Now this may seem like a lot but even if you just pick ONE of these things to do this year, the transformation may just surprise you.
Jennifer Scott did a Tedx Talk on her form of minimalism in the wardrobe. She talks about how we constantly add to the wardrobe yet don’t throw out things that are currently in the wardrobe. Despite this paradox how many of you have those mornings before work when you think “I have nothing to wear”? The struggle is real to find an outfit that feels comfortable but also looks good. We often have to end up picking something last minute so we’re not too late, and for the rest of the day end up feeling slightly uncomfortable in our choice. My partner – who wears a suit everyday – still has the conundrum of picking out what colour SHIRT (he only has one choice to make!) he’s going to wear that day.
So why does this inverse relationship exist between the number of clothes and the ease with choosing what to wear? Behavioural economics will tell us that it primarily relates to the notion of choice. Research shows that increasing choice actually overwhelms our brains, and too much choice has a negative impact on us. So how do we overcome it then?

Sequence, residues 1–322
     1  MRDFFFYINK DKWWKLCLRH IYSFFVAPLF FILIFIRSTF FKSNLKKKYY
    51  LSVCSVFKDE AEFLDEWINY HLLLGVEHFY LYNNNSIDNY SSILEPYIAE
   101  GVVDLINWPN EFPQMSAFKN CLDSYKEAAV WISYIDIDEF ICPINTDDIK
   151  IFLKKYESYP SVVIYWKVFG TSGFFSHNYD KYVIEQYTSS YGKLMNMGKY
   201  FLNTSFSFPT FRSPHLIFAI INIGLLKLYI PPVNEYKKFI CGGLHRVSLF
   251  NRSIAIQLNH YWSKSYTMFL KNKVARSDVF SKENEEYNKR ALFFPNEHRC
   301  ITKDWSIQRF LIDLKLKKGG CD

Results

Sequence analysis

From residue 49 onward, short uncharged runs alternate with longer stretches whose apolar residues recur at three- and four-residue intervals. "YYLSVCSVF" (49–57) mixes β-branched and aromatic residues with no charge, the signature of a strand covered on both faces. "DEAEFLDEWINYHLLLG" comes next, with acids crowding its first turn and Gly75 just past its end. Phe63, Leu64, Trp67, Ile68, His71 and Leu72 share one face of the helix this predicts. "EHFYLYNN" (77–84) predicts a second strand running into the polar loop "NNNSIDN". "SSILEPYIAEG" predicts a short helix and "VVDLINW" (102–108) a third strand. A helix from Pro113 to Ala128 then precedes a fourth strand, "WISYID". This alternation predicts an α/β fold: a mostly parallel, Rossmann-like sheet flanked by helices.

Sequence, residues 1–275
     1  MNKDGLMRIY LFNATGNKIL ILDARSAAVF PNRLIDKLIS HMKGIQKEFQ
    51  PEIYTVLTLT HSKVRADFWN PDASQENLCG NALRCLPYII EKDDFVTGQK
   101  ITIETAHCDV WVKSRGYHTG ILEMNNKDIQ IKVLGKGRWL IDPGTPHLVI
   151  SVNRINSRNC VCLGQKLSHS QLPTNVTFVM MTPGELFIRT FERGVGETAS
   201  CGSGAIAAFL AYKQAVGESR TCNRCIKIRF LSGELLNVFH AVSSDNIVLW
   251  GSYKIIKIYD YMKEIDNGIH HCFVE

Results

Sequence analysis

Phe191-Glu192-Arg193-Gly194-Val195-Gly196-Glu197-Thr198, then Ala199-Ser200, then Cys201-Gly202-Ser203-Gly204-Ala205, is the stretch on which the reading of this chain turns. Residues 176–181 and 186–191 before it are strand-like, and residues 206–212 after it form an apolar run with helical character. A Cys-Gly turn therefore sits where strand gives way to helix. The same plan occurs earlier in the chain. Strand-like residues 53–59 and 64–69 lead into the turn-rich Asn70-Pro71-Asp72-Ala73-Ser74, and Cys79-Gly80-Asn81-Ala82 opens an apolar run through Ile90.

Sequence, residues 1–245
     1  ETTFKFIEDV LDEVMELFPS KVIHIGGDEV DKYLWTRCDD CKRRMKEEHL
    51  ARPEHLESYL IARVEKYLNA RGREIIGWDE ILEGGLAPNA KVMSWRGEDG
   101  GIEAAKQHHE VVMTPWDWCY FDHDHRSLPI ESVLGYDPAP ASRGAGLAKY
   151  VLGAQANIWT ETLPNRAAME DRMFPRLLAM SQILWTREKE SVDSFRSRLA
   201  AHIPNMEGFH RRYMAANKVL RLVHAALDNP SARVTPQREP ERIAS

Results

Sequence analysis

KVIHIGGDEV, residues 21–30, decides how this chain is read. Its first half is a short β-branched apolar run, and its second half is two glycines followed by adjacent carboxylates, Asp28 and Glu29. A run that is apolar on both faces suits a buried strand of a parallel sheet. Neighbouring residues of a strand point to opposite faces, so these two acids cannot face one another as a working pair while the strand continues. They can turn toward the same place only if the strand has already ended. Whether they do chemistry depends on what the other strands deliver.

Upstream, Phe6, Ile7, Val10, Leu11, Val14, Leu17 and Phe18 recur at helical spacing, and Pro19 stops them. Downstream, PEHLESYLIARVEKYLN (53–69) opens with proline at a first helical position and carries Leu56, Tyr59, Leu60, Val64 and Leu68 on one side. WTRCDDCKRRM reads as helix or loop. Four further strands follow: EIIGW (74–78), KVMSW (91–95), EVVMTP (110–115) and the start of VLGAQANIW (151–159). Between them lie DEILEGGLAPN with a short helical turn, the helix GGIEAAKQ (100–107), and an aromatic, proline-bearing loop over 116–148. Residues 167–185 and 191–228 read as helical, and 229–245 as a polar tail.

Well Jennifer proposes a 10-item wardrobe. She advocates for having a small high-quality wardrobe that is in heavy rotation. There seems to be quite a stigma in Australia about wearing the same clothes. But this isn’t the case in all cultures. Look at any European film; the main lead women characters wear only a few items consistently. It allows them to demonstrate their own unique style everyday. Whereas American films are all about having a different outfit in each scene!
Let’s just think for a moment about what a 10-item wardrobe for Summer / Autumn could look like:
· 2 pairs of pants
· 1 pair of jeans
· 3 dresses
· 4 shirts
· 2 pairs of trousers
· 2 pair of shorts
· 4 shirts
· 2 jackets
Seems reasonably do-able? You are also allowed some ‘extras’ on top of your 10-item wardrobe, such as: t-shirts, blazers, and special occasion wear like for weddings or specific occasions.